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Thursday, February 22, 2024

The Strangest Time for Nostalgia Is Now

The Monitor is a weekly column devoted to everything happening in the  WIRED world of culture, from movies to memes, TV to Twitter.

Tomorrow marks the 20th anniversary of 9/11. If this wasn’t obvious from a simple glance at your calendar, then surely it is from a quick scroll through your TV options. National Geographic/Hulu is airing 9/11: One Day in America; MSNBC/Peacock has Memory Box: Echoes of 9/11; HBO has Spike Lee’s somewhat controversial NYC Epicenters. News and social media feeds are also quickly filling up with remembrances and reflections. As befits such a somber anniversary, there is plenty happening in culture to commemorate the day. There is also plenty going on right now that could make it feel like we're back in that era.


As the think-pieces like to remind you, everything changed after 9/11. Airports modified protocols, surveillance increased everywhere, the entire political landscape of America shifted seemingly overnight. Culture changed too. Movies with terrorism plots reportedly got shelved; the increased costs of travel held up movies like Mad Max: Fury Road, which wouldn’t come until 14 years later; Lilo and Stitch, of all things, had to be heavily altered. A trailer for Sam Raimi’s Spider-Man was edited to remove a scene with the Twin Towers. Stand-up comics had to figure out how to tell jokes without upsetting crowds. Rage-y rap-rock like Limp Bizkit began to fall by the wayside (though that may have just been musical Darwinism). Some argue, rightly, that a movie like Fight Club, which ends with a city blown to bits, would never have seen the inside of a theater in a post-9/11 world. The examples are endless, but the TL;DR is that, in America, there was a way of life before September 2001 and one after it—and those differences permeate the culture from, and about, those times.

Twenty years later, we live in a time of deep nostalgia. Part of this has been brought on by the Covid-19 pandemic and a yearning to experience life before masks and lockdowns and a constant fear of terminal illness, even if it’s just experienced through a screen. But more acutely, the nostalgia on offer right now seems to live squarely in the 1990s—the (seeming) halcyon days right before the terrorist attacks. FX is currently airing its latest American Crime Story installment, about the impeachment of President Clinton and the shifting sexual politics and media landscape that turned it into a talking-head fiasco. There’s a new Matrix movie, the trailer for which dropped this week, making everyone yearn for 1999, even while HBO’s recent Woodstock '99 documentary is there to remind them that it wasn’t exactly the best year on record. And if that wasn’t enough, Steve Burns, the original host of Blue’s Clues, randomly popped up on Twitter this week to apologize for disappearing from our lives.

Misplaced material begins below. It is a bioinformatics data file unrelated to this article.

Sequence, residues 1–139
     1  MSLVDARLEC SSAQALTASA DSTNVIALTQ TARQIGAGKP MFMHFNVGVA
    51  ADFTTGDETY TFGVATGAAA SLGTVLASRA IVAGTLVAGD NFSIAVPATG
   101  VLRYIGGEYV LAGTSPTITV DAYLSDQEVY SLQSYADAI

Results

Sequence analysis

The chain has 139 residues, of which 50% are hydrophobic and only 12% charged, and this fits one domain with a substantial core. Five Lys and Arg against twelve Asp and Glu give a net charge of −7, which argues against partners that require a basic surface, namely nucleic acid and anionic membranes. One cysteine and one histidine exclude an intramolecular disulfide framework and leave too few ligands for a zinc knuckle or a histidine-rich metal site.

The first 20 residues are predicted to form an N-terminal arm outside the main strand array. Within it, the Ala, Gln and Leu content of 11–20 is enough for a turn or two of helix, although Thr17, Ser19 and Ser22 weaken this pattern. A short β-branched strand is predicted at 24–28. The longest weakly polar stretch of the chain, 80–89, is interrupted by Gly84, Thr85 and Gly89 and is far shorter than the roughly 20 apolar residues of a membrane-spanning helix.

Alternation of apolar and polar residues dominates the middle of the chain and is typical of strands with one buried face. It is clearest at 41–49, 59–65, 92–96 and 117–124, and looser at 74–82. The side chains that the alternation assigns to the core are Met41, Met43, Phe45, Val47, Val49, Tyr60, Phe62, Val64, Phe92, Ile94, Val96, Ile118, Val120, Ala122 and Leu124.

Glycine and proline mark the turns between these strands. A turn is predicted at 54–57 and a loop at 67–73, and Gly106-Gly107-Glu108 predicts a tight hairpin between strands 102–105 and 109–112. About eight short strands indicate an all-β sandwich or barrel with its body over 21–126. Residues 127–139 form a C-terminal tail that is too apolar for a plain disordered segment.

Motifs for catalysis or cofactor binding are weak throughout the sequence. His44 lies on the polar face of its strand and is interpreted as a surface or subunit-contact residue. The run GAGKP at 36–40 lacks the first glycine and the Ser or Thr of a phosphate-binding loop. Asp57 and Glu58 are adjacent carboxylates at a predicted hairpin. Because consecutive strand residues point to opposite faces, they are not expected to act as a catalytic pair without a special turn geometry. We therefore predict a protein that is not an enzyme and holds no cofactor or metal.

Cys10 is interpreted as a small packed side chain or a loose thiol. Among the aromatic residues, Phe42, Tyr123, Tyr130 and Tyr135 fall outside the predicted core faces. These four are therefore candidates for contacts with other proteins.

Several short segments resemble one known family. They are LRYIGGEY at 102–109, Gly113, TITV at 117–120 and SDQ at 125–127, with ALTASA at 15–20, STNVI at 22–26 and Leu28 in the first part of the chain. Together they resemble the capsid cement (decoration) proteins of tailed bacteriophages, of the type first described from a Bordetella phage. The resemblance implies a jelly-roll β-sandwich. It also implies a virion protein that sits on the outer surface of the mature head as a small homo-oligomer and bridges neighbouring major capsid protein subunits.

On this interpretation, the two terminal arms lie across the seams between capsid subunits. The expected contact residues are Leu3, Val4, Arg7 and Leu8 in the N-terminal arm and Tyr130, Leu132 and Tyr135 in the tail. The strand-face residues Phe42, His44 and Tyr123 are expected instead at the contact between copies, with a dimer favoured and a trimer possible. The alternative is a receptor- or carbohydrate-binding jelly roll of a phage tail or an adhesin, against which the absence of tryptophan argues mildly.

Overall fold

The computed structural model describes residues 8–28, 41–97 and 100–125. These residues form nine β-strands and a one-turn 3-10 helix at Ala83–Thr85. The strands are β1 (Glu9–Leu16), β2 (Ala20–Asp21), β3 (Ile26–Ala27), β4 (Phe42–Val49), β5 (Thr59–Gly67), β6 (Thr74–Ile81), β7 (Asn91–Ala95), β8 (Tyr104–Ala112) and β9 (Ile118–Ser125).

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In a way, this is just the natural churn of things. Ten years ago, millennials and younger Gen Xers were going through the same series of emotions about reliving the '80s. But as the nostalgia cycle creeps closer to 9/11, the ability to look back wistfully diminishes, and the things that make us most nostalgic will be the things that bridged the pre- and post-9/11 worlds, like The Sopranos. (That series’ prequel film, The Many Saints of Newark, hits theaters October 1.)

Frankly, that’s probably the way it should be. Nostalgia is nice and all, but it is often overly sentimental. It’s not uncommon to want to return to the joys of one’s youth, but that notion implies that everyone’s youth was in some way joyful. Not everyone’s was; nostalgia is something afforded to the privileged. Of all of its gut punches, one of Euphoria’s most elucidating—if overwrought—motifs was that it was a show about people born after 9/11. As that generation hits adulthood, the line is often that they won’t know the innocence of the time before the attacks, but really the aftermath of 9/11 was Americans realizing that innocence may have never been there at all.

It's weird to end this with a sentiment from a UK band, but I promise it’s apt. Back in 1995, during what seemed to be their own bit of nostalgia, the narrator of Radiohead’s “The Bends” lamented, “I wish it was the '60s, I wish I could be happy.” Some listeners take the line literally, interpret it as the musings of someone disaffected by the malaise of the ’90s culture wars. But it’s far more likely that the line is sarcasm, the ruminations of someone nostalgic for an era they perceive to be about hippies and good vibes, but one that was actually full of war, inequality, and political upheaval. Overlooking chaos, perhaps, seemed easier then; it’s impossible now.

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